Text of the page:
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More than a week after Harvard’s graduate students union began its indefinite strike, both University administrators and union negotiators have yet to schedule any new sessions to work toward a contract.
Harvard Graduate Students Union-United Automobile Workers went on strike Dec. 3 after voting members overwhelmingly approved of a strike in a strike authorization vote late October. Negotiations, which began in October 2018, had produced 12 tentative proposals during the 28 bargaining sessions that preceded the strike. Differences, however, remain on key issues including compensation, health benefits, and a grievance procedure for sexual harassment and discrimination cases.
University President Lawrence S. Bacow said in an interview Friday that the University has spent the past week evaluating an updated proposal submitted Dec. 2 by the graduate students union.
“We’ve exchanged proposals. We’re evaluating their proposal and will be coming back to them with another,” Bacow said. “So you know, negotiations continue.”
Bacow said Friday that new bargaining sessions have not yet been scheduled because the University needed time to thoroughly analyze the most recent proposal.
“It takes a while to actually analyze a proposal. There are lots of dimensions to it and trying to understand the economic impact for the University,” Bacow said. “That requires consultation with a bunch of different schools because it has different consequences for different schools.”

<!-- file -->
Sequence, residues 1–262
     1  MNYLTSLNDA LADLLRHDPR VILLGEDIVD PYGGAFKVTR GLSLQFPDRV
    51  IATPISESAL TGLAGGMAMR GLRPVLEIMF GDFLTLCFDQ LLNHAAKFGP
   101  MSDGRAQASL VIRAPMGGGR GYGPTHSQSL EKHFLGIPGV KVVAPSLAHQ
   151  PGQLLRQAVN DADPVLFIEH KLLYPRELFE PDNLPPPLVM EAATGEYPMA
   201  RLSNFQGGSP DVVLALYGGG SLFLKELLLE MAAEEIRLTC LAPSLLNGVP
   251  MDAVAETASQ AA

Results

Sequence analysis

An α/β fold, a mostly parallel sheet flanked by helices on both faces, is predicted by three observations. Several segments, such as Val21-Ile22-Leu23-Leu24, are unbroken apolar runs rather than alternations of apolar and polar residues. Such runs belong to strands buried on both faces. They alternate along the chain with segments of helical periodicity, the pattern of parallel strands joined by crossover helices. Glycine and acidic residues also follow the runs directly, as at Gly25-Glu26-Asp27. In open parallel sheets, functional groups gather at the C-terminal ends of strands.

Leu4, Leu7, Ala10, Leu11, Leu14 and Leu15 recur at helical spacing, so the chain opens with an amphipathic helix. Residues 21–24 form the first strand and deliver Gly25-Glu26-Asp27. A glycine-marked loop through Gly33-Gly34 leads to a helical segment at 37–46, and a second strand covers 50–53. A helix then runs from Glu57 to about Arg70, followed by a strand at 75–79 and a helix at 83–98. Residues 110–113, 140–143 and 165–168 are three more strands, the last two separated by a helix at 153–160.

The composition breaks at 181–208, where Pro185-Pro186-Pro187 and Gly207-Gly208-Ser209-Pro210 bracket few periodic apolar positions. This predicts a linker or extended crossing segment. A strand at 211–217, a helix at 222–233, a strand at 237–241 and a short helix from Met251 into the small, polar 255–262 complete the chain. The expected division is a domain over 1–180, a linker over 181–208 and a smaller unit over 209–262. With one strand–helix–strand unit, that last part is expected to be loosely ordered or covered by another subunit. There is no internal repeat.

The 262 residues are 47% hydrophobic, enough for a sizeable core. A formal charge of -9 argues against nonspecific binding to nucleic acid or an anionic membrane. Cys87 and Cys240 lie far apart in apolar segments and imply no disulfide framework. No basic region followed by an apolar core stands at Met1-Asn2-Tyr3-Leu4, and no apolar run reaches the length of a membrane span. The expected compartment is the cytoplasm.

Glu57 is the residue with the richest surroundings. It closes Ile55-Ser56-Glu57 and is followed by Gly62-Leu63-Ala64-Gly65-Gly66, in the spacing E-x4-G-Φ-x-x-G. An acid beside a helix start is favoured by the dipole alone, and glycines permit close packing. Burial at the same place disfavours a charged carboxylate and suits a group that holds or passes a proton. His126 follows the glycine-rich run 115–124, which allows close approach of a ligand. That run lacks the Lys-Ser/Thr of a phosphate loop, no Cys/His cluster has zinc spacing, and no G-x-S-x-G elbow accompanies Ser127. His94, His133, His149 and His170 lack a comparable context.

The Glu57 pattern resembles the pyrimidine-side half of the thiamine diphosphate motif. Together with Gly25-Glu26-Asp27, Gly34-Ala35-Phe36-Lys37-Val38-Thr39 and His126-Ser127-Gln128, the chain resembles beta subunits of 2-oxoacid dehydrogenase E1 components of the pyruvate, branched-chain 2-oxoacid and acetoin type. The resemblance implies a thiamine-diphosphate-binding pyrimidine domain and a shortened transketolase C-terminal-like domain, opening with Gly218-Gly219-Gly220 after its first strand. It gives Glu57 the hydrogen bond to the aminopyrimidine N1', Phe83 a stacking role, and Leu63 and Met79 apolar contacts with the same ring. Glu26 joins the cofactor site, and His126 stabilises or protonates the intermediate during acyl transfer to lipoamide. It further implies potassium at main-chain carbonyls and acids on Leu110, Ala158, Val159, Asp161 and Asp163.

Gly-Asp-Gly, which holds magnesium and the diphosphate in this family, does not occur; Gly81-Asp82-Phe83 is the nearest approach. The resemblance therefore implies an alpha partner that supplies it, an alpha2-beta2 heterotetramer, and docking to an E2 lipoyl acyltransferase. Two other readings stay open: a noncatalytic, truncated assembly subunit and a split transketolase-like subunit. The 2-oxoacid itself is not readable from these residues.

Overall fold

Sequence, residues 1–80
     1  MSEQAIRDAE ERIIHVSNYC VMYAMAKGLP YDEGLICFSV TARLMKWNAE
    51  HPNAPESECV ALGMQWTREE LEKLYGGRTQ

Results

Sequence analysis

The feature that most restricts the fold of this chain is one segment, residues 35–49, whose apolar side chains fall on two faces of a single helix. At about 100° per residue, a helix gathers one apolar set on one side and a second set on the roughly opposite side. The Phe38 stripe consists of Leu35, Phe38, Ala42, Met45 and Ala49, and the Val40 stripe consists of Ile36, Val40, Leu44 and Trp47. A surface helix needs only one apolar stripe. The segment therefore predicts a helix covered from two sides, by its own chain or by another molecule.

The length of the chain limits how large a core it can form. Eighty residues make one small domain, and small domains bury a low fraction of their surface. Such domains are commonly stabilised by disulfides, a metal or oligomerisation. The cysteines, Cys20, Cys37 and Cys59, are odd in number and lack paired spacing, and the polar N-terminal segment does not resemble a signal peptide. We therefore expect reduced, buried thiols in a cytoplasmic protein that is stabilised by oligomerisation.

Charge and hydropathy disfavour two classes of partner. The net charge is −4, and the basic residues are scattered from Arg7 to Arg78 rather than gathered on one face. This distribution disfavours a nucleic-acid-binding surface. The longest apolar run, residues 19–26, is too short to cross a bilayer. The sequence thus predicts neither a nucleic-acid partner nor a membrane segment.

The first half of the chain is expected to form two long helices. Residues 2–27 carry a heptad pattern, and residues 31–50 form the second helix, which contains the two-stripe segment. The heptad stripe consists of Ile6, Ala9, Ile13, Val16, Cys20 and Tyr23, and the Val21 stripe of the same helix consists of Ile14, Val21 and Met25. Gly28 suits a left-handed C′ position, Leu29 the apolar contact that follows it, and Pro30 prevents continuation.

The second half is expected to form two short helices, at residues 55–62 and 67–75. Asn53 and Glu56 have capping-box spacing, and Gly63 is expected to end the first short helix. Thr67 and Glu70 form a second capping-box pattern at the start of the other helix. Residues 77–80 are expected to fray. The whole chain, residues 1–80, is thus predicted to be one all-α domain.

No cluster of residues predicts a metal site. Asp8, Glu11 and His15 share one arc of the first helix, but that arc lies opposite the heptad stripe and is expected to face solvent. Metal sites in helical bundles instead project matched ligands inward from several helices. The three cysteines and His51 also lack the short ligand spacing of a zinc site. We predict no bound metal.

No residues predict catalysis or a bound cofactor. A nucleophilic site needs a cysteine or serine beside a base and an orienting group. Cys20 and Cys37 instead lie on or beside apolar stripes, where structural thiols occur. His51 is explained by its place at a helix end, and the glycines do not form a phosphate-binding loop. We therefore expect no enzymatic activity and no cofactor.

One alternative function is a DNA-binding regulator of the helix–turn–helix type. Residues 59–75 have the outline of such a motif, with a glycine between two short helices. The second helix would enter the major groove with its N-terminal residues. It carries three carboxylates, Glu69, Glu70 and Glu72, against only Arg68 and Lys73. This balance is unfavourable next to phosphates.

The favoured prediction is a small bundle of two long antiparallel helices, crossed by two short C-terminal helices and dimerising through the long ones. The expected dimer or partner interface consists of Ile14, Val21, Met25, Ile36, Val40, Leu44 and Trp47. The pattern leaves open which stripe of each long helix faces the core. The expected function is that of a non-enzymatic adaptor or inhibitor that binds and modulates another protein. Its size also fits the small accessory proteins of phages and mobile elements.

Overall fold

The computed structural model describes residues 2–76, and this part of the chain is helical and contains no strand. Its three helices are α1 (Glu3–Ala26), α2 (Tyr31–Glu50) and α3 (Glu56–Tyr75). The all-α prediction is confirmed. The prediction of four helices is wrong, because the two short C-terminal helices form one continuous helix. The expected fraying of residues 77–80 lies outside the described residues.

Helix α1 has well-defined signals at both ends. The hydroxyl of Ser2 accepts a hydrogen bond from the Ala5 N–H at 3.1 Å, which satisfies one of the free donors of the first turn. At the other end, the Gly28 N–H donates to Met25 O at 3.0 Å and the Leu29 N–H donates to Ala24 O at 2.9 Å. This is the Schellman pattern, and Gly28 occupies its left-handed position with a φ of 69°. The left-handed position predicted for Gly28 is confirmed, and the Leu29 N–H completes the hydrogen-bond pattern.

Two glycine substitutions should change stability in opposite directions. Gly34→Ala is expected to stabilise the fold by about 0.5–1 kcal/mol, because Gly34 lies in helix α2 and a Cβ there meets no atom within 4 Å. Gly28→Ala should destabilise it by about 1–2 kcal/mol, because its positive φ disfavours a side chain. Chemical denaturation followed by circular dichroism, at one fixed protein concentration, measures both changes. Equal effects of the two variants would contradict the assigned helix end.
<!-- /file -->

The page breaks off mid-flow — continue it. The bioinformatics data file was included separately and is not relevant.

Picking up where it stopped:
But on Tuesday, University negotiators offered a date for the next bargaining sessions with the union, University spokesperson Jonathan L. Swain wrote in an email that evening.
Over the past several days, union organizers have decried the lack of bargaining sessions since the beginning of the strike, and said Harvard has not been responsive to their requests for scheduling more bargaining sessions.
“I just want to make it clear, they have not come to the table at all,” Lisa Xu, an organizer with the United Automobile Workers, said in a rally Tuesday before the next session was offered. “We sent them an email on Monday before our strike began asking them when our next bargaining session would be, and they have not replied. Our inbox is empty.”
Members and supporters of the union have been picketing at Harvard’s Cambridge and Longwood campuses every weekday since the beginning of the strike. HGSU – which boasts a 4,000 strong membership across the University – represents graduate and undergraduate teaching staff, as well as graduate research assistants.
Striking union members have withheld their teaching responsibilities — including holding office hours, grading assignments, and proctoring final exams — and halted all paid research responsibilities not included in their academic programs during the strike. Protestors also picketed in front of loading docks and delivery entrances across Harvard to block deliveries.
Bacow also said that while the University hopes to come to an agreement with the union soon, they’ll be prepared if the strike continues into the new year.
“It's our hope that it won't come to that, but we try to anticipate and plan for every contingency,” he said.
— Staff writer Aidan F. Ryan can be reached at email@example.com. Follow him on Twitter @aidanfitzryan.
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